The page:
- “Impact managers” leverage assets to advance ESG goals, such as what Acumen does. Another example could be community development financial institutions (CDFIs), private financial institutions such as banks, credit unions, loan funds, and venture capital funds that are “dedicated to delivering responsible lending to help low-income, low-wealth, and other disadvantaged people and communities join the economic mainstream.” Hedge Funds such as Impactive or venture capital companies such as Impact Engine also manage funds, although these investments tend to be longer term.
- This capital flows down to the “impact makers,” such as social enterprises like Everytable or B Corporations that “are legally required to consider the impact of their decisions on their workers, customers, suppliers, community, and the environment.”
The Role of Government
The government can play a role by supporting the market through policymaking. One early attempt was the Community Reinvestment Act (CRA), which Congress passed in 1977 with the intention “to encourage depository institutions to help meet the credit needs of the communities in which they operate.” The Federal Deposit Insurance Corporation (FDIC), the Federal Reserve Board (FRB) and Office of the Comptroller of the Currency (OCC) are responsible for checking depository institutions’ records. In this way, the government can foster exchange between local business and investors.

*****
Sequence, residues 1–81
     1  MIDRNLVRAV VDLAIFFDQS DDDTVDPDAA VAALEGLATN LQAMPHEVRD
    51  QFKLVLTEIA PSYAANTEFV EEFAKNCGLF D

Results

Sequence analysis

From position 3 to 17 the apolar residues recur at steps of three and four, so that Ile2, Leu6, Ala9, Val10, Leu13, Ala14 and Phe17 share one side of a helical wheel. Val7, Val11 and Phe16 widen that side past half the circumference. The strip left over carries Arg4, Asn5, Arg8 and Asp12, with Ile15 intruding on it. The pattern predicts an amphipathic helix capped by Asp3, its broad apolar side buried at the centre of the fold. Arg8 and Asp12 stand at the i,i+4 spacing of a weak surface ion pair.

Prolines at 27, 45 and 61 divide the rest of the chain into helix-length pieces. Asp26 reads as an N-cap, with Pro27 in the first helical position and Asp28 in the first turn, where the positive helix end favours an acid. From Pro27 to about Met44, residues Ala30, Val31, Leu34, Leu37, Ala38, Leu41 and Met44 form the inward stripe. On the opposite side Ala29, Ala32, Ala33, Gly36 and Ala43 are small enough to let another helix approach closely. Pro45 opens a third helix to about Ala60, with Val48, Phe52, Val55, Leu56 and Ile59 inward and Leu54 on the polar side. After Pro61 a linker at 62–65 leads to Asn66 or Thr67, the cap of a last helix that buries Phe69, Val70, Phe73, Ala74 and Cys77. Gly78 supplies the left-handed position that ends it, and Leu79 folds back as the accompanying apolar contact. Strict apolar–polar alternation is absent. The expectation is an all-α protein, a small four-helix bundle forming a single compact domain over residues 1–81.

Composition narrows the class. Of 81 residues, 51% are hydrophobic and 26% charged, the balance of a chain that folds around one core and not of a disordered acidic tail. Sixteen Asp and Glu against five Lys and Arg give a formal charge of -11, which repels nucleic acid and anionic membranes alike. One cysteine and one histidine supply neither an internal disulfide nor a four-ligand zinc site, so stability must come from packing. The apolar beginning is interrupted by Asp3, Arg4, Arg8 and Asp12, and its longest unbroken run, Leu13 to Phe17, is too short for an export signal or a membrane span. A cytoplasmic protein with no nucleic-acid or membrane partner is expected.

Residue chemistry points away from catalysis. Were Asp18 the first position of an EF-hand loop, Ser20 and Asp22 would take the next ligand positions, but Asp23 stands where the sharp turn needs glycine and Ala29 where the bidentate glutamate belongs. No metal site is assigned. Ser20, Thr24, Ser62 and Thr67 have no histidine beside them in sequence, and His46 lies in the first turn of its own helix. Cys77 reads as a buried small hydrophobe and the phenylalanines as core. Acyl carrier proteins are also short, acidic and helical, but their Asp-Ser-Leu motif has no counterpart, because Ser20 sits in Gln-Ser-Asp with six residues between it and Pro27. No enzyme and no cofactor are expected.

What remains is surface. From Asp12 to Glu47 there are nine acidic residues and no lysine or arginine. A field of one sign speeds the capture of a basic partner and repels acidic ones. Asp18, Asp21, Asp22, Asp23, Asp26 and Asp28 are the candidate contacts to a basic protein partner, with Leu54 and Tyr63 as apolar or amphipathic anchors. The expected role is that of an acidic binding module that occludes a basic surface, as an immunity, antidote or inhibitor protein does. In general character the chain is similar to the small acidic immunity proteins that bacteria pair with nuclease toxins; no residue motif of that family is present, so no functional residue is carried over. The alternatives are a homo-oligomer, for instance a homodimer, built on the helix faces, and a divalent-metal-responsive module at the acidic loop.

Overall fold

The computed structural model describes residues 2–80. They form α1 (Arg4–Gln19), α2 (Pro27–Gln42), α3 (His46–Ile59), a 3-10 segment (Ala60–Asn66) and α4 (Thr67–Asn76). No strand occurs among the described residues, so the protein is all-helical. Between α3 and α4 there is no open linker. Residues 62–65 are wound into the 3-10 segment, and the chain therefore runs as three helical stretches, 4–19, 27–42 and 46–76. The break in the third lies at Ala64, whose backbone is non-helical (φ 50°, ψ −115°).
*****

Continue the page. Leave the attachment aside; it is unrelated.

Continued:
Through public-private partnerships, the government can be involved and encourage impact investing. The Riegle Community Development and Regulatory Improvement Act of 1994 established the CDFI Fund to promote “economic revitalization and community development through investment in and assistance to Community Development Financial Institutions (CDFIs).” The federal government offers resources and programs that “invest federal dollars alongside private sector capital” through the fund.
The government can also be an investor. In Seattle, for example, the local government’s Regional Equitable Development Fund “used limited public funds to leverage larger private investment by offsetting the high cost of acquiring and constructing affordable housing.” Analysis of the fund indicated it leveraged five private dollars for every one dollar in public spending. Matthew Eldridge and Rayanne Hawkins of Urban Institute suggest state and local governments can be “cooperative partners with impact investing projects,” but add that impact investing is a local endeavor. A large federal role that does not take into account local needs is likely to backfire. Additionally, with government involvement comes the risk for market distortion that could result in less return on investment or even diminished innovation, especially since federal programs are extremely complex and can overlook small grassroots innovators without a localized approach.
Challenges and Considerations